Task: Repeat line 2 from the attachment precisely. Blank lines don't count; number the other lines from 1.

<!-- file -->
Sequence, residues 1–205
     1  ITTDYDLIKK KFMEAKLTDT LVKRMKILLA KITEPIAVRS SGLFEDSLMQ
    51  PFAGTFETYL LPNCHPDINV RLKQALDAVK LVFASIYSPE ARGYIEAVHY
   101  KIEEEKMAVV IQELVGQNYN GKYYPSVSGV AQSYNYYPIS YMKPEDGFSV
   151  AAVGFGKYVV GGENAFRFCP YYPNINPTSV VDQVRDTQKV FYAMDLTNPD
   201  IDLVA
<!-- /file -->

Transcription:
     1  ITTDYDLIKK KFMEAKLTDT LVKRMKILLA KITEPIAVRS SGLFEDSLMQ